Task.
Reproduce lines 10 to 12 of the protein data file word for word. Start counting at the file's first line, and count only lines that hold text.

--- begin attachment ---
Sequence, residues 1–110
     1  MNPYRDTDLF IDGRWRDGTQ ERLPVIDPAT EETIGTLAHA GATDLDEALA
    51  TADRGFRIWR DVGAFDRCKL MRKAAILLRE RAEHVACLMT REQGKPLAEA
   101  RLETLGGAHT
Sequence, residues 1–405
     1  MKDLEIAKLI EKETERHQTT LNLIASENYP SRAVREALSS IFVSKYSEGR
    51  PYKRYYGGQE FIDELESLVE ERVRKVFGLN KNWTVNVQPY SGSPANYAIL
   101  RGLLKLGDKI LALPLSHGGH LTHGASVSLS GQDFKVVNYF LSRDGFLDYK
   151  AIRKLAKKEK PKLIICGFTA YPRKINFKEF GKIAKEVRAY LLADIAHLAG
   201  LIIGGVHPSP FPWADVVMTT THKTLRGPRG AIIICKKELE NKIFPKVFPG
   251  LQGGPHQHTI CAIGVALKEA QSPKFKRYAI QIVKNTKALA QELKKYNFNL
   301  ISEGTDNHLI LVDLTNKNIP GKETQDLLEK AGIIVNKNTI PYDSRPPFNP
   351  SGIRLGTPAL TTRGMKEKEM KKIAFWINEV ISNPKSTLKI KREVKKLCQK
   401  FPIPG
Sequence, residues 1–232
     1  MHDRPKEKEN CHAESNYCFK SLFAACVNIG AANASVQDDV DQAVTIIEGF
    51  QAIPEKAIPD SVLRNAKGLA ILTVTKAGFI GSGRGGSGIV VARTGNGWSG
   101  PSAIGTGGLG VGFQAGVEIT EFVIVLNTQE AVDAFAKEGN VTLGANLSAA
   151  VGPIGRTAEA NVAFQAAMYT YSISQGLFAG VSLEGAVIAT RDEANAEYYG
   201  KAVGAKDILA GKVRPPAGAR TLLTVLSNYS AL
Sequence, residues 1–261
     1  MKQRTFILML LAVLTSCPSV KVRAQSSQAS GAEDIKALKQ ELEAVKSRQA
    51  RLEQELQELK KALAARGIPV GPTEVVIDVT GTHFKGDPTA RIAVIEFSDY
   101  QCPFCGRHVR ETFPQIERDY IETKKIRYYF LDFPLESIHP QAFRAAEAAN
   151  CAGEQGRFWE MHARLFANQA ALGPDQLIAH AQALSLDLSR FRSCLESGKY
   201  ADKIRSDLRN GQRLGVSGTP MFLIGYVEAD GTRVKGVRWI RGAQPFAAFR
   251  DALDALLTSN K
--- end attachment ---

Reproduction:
   201  LIIGGVHPSP FPWADVVMTT THKTLRGPRG AIIICKKELE NKIFPKVFPG
   251  LQGGPHQHTI CAIGVALKEA QSPKFKRYAI QIVKNTKALA QELKKYNFNL
   301  ISEGTDNHLI LVDLTNKNIP GKETQDLLEK AGIIVNKNTI PYDSRPPFNP